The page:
Richard G. Epstein










Richard Elkins

Since the introduction of self-projection softbots several years back it has been possible to travel the highways and byways of cyberspace as if it were an actual place. Some technologists like to call this huge collection of virtual places "virtual space", to emphasize that it is an actual space that one can explore that parallels conventional space. Self-projection technology is transforming the manner in which human beings interact with one another. It is difficult to imagine what virtual space will be like twenty or thirty years from now. Sometimes, I wish I had the courage to write a book on the subject - a visionary depiction of life in 2060 or 2070, but writing about the future takes a special kind of chutzpah, if you know what I mean.

About two years ago I became enamored with the "meeting room" phenomenon. Meeting rooms are named after the primitive text-oriented meeting rooms that were popular on the old World Wide Web back during the 1990s and 2000s. Meeting rooms allows people with self-projection capabilities to meet in virtual rooms in virtual space to discuss some common interest. I told the editor of the Sentinel-Observer Sunday Magazine that we should run a regular feature in which I would cover these meeting rooms both as a participant and as a journalist. My editor loved the idea and the Sunday Magazine's "Meeting Room of the Week" feature is the result.

If you are one of the regular readers of this feature, you know that I have reported on some bizarre meeting rooms. The strangest was the meeting room that I reported on last week that consisted of three people who claimed to be Jesus Christ. Actually, this meeting room was set up by their therapists who thought that by meeting in virtual space and confronting each other's delusions, they might come to a more realistic self-assessment. Unfortunately, after hours of rancorous debate, the three patients came up with an ingenious compromise. One patient took on the identity of the Father, the second took on the identity of the Son, and the third took on the identity of the Holy Spirit, and as you might expect, the entire therapeutic strategy collapsed at that point.

This week, I stumbled upon a meeting room that is pure fun, the W. C. Fields Fan Club Meeting Room. Of course, being virtual, it doesn't meet anywhere in particular. If you want to become a part of the W. C. Fields Fan Club meeting room send a note to the following Global Landscape address:

W. C. Fields Fan Club
Global Landscape Box AZY-1234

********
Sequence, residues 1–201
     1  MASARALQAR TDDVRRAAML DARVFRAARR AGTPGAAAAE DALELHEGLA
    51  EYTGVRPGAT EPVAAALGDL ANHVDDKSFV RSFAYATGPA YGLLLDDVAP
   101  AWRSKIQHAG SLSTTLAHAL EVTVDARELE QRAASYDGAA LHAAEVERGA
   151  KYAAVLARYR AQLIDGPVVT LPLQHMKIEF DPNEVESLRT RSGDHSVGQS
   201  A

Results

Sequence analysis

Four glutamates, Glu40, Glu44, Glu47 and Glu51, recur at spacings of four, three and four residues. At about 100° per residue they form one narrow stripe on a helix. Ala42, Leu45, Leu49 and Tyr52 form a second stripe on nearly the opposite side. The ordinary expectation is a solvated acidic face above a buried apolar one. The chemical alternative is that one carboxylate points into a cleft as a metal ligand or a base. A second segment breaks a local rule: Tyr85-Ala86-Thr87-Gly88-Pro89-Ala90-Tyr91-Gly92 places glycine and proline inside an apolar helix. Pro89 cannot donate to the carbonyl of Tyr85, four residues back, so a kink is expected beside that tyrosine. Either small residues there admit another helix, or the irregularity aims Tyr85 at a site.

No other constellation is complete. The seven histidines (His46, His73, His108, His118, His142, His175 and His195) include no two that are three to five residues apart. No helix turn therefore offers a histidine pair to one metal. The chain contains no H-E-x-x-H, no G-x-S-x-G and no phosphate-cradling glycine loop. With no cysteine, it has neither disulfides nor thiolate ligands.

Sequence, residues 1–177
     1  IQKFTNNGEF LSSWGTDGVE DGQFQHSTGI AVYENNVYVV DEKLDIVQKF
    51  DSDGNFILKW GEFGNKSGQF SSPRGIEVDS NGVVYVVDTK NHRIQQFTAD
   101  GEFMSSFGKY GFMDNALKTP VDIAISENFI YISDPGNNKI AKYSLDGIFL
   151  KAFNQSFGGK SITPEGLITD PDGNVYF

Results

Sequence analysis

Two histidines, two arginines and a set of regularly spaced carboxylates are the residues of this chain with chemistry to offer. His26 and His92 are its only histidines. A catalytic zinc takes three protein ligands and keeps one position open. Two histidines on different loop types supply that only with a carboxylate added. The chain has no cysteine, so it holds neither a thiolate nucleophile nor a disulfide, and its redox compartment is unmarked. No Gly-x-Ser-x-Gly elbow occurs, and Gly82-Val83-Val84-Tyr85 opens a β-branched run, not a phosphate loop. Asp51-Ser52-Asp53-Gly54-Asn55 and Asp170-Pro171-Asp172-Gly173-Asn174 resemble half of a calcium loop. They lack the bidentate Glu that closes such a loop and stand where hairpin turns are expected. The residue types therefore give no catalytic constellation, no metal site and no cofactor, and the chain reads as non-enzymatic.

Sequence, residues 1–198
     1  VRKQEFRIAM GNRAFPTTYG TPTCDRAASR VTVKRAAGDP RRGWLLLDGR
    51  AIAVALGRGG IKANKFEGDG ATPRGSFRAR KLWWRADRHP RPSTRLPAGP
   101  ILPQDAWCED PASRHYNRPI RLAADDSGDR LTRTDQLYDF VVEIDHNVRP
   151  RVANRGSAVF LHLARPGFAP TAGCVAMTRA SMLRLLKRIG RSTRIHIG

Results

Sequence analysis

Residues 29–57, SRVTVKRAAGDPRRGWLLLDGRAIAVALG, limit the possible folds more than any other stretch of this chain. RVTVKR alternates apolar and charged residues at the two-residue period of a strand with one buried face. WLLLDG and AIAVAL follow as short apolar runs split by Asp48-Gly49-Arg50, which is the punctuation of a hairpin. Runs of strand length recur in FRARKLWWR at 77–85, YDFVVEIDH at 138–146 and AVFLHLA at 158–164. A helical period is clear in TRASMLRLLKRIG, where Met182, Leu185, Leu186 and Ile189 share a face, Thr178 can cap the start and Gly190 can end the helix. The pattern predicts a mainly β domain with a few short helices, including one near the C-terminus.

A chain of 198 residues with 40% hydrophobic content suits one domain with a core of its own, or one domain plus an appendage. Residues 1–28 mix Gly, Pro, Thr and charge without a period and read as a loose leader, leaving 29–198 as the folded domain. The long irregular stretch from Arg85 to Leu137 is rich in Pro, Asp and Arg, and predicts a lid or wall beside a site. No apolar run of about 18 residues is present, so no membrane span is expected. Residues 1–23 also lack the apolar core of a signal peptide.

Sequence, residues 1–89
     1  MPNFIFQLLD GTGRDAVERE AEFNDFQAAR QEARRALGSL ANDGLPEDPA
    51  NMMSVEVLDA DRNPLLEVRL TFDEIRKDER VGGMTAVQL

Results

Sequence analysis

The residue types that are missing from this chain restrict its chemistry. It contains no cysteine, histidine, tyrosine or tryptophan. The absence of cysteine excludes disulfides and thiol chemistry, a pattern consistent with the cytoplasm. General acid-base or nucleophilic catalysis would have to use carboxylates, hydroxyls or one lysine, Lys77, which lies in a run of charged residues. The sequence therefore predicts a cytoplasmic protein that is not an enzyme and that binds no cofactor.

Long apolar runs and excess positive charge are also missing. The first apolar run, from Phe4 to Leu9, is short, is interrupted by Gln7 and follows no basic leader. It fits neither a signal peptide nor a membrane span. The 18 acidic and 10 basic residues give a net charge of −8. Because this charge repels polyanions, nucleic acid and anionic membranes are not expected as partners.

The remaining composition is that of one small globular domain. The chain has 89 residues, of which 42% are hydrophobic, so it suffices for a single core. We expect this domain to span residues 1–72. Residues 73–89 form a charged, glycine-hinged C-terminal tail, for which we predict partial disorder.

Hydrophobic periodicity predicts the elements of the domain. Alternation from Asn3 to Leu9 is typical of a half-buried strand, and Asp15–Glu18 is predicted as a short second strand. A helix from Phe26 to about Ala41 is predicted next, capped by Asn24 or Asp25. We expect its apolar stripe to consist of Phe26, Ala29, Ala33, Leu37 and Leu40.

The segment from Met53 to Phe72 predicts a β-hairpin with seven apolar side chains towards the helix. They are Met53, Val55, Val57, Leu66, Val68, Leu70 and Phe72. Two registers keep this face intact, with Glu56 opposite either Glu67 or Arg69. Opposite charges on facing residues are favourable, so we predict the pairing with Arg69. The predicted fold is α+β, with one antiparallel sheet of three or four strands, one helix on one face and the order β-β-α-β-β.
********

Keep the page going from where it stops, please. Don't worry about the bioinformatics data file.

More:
Virtual California 23-45687

You must include an essay of 250 words or less on the theme "Why W. C. Fields is my Heroic Ideal". The officers of the Club will then decide whether your essay evidences a person who is W. C. Fan Club material.

In my case, the President of the W. C. Fields Fan Club, Clark Bentley, was pleased to have me join the festivities. So, last Saturday evening, I donned my virtual reality suit, executed my self-projection softbot software and before you could say W. C. Fields I was in this huge, bluish, but extremely peaceful room in virtual space.

As is customary with meeting rooms, the projections of the various participants sat in a circle, facing one another. This gives a meeting room a surreal atmosphere. Sitting in that blue space, I realized that I was rubbing elbows with the 48 most sincere, devoted fans of W. C. Fields on the entire planet. This is where his most devoted fans meet. This is where they commune with their hero, the plastered one.

I cannot emphasize enough how difficult it is to be admitted to a meeting room of this type. I have heard of other W. C. Field Fan Club meeting rooms, but this is the ultimate meeting room of that genre.

I looked around at the self-projections around me. Self-projection technology tends to create a life-like image of the person who has projected himself or herself into virtual space. Of course, there is nothing that prevents one from putting on a totally false personna in cyberspace, and indeed, there is a growing population of people that have developed a host of different cyber personalities. At the W. C. Fields Fan Club, the cyber images before me were a bit cartoon like and they did perhaps miss one or two personal flaws. People tend to project what they like about themselves and to suppress what they don't like.